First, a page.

Abnormal Vascular Hemodynamics Linked With Tau, Constant Therapy Shows Feasibility in Alzheimer Disease, LIFT-AD Study Amended

Neurology News Network for the week ending September 17, 2022. [WATCH TIME: 4 minutes]

WATCH TIME: 4 minutes

Welcome to this special edition of Neurology News Network. I’m Marco Meglio.

Recently published cross-sectional data from the Framingham Heart Study (FHS) showed that higher aortic stiffness and pressure pulsatility were associated with greater rhinal and entorhinal tau burden, supporting the hypothesis that abnormal central vascular hemodynamics contributes to increased tau in specific brain regions susceptible to early tau protein deposition. Published in JAMA Neurology, the study included 257 middle-aged and older adults without dementia who successfully underwent comprehensive hemodynamic evaluations and were considered on the spectrum of vascular risk. After undergoing PET scans, arterial tonometry was used to assess measures of aortic stiffness and pressure pulsatility, including carotid-femoral pulse wave velocity, central pulse pressure, and forward wave amplitude. The study also used C-Pittsburgh compound B (PiB) and FTP to assess the burden of amyloid-ß (Aß) plaques and tau protein deposition in the brain, respectively. Participants in the highest Aß quintile (≥ 1.09 PiB distribution volume ration) were classified as positive for elevated Aß burden.

Constant Therapy, an at-home mobile program geared towards improving cognitive and speech function, demonstrated safety and feasibility in a recent small-scale study of patients with mild cognitive impairment (MCI) secondary to Alzheimer disease (AD).1 Over a 24-week training period, patients adhered more to Constant Therapy than to the paper-and-pencil training, as well as improved their performance over time. In total, 8 of 10 (80%) of participants in the Constant Therapy group completed 24 weeks of the intervention, 5 of whom continued beyond the 24-week period. These participants showed an overall improvement in accuracy and latency (= .005) in the Constant Therapy scores—scores it calculates with recorded data and session activity to summarize user performance in a specific skill domain—as well as specific improvements in tasks of visual and auditory memory, attention, and arithmetic. No unexpected problems or adverse events were observed. By design, Constant Therapy uses patented artificial intelligence technology to deliver over 244 personalized exercises that rebuild cognitive and speech function for those recovering from stroke or traumatic brain injury or living with aphasia, dementia, and other neurological conditions.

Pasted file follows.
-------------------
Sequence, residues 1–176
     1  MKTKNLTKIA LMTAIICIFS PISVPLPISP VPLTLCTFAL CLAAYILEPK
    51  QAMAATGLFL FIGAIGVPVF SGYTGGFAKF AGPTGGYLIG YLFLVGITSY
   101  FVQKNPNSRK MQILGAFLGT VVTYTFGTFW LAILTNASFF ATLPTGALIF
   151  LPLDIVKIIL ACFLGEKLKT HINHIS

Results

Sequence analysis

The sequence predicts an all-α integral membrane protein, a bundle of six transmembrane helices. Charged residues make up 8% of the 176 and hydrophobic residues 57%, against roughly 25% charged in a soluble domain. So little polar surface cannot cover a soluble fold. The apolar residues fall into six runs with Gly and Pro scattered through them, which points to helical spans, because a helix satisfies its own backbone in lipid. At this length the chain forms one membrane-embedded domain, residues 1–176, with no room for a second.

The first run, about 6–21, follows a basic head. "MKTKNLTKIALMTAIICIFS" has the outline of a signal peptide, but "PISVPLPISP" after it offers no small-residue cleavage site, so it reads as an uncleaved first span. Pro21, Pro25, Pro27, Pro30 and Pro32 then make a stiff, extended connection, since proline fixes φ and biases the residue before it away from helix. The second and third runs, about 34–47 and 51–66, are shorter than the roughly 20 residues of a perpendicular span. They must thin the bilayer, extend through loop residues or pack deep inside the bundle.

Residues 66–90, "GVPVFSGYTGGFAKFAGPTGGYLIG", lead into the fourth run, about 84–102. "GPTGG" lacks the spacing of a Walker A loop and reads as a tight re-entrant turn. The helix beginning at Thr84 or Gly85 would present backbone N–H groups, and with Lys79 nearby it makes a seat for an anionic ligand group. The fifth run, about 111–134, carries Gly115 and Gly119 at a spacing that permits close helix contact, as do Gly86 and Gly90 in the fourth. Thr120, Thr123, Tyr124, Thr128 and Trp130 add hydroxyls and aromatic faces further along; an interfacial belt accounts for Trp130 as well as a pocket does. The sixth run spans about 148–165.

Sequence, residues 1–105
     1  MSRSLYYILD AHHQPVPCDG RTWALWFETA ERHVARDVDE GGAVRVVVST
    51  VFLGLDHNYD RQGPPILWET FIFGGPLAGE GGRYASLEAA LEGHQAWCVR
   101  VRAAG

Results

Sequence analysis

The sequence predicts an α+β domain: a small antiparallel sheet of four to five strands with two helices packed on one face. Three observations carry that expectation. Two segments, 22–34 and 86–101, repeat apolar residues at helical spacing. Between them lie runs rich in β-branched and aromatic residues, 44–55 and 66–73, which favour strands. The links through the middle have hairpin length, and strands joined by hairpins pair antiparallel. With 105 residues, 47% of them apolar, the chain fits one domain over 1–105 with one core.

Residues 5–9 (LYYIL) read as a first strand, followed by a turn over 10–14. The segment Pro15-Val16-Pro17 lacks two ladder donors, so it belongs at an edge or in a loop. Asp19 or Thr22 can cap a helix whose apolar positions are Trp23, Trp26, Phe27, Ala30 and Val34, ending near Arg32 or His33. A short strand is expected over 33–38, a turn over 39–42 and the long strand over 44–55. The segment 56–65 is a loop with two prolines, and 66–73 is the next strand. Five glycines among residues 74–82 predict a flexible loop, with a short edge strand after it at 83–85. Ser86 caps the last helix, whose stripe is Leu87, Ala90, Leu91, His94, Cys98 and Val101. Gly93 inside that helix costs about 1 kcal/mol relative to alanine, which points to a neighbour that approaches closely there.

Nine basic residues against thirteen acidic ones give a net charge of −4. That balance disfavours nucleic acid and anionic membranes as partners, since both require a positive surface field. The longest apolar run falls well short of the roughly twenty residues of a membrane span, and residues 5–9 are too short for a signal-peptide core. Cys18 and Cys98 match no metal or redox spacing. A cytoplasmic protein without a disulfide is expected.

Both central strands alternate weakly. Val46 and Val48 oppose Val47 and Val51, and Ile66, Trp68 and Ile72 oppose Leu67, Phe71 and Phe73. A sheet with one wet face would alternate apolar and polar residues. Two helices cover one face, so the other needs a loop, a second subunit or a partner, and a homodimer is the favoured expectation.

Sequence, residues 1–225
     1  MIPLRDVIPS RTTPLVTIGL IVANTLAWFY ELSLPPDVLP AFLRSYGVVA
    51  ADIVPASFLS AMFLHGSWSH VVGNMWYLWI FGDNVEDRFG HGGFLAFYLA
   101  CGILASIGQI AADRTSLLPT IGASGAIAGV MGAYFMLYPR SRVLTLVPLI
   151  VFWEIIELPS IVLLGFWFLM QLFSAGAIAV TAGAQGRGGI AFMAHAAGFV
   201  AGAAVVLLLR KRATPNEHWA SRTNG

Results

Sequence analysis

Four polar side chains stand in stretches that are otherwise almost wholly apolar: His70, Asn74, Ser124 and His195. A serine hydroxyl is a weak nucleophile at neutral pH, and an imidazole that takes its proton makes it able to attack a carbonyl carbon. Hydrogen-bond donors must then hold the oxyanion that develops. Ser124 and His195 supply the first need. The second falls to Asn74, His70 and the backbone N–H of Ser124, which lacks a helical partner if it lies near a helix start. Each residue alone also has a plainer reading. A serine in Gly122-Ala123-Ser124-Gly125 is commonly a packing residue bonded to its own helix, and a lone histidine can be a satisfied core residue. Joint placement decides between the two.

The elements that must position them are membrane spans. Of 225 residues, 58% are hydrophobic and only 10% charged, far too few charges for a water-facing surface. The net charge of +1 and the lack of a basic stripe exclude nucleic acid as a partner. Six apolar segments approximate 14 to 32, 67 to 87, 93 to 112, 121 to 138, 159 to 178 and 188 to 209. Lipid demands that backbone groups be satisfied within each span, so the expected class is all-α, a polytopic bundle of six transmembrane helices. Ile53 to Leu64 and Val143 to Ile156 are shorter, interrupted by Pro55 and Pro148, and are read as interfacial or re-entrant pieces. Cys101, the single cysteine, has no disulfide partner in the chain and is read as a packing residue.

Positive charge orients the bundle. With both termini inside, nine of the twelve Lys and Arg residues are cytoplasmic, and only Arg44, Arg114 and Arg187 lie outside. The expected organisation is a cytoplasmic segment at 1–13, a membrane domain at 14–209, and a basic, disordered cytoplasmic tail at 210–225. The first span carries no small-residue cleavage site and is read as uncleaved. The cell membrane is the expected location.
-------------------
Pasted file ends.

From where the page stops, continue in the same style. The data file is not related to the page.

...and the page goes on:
After previously showing higher potential as a monotherapy, Athira Pharma announced it was amending the ongoing pivotal LIFT-AD trial to assess its investigational agent fosgonimeton in patients with Alzheimer disease (AD) without background AChEI inhibitors. LIFT-AD, a double-blind, placebo-controlled, parallel-group study, will continue to have outcomes measured by the Global Statistical Test, which combines scores assessing cognition (Alzheimer’s Disease Assessment Scale-Cognitive Subscale [ADAS-Cog11]) and function (Alzheimer’s Disease Cooperative Study-Activities of Daily Living [ADCS-ADL23]). The study has enrolled more than 300 patients with mild-to-moderate Alzheimer disease in the US, with enrollment still ongoing. According to the update, an independent, unblinded interim analysis will be conducted to inform the required sample size needed to appropriately power the primary end point target patient population. Fosgonimeton, a small molecule HGF and MET enhancer previously known as ATH-1017, failed to meet its primary or secondary end points in the phase 2 ACT-AD study when used with standard-of-care AChEIs. Despite this, the agent did show a potentially meaningful difference change of –28 ms in event-related potential (ERP) P300 latency, the primary end point assessing working memory processing speed, after 28 weeks.

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